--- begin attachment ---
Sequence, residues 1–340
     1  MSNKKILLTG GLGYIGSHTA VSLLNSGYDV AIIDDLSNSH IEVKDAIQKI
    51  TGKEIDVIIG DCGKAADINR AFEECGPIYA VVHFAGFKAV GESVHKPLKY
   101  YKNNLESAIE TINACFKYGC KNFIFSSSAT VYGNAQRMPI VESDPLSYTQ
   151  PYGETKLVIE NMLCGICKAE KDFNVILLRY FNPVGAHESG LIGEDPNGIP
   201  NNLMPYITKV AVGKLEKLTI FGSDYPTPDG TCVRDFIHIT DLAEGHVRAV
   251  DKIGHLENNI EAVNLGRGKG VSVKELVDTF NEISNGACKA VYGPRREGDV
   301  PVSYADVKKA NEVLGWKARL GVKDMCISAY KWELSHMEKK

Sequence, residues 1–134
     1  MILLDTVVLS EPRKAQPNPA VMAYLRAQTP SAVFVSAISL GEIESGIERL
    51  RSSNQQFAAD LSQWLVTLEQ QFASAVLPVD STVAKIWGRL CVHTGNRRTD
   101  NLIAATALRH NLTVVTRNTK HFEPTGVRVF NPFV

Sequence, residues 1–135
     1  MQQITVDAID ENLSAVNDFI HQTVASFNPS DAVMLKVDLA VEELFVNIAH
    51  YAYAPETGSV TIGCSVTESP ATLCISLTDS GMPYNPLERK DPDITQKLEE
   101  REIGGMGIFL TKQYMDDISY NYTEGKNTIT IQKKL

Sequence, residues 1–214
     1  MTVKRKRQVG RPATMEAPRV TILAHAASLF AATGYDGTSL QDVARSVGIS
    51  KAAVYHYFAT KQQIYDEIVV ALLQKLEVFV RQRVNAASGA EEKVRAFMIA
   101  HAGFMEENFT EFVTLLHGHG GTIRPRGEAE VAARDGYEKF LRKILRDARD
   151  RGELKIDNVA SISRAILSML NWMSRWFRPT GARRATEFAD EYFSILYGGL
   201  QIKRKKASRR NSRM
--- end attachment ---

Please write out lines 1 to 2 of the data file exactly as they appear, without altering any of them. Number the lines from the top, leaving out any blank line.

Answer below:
Sequence, residues 1–340
     1  MSNKKILLTG GLGYIGSHTA VSLLNSGYDV AIIDDLSNSH IEVKDAIQKI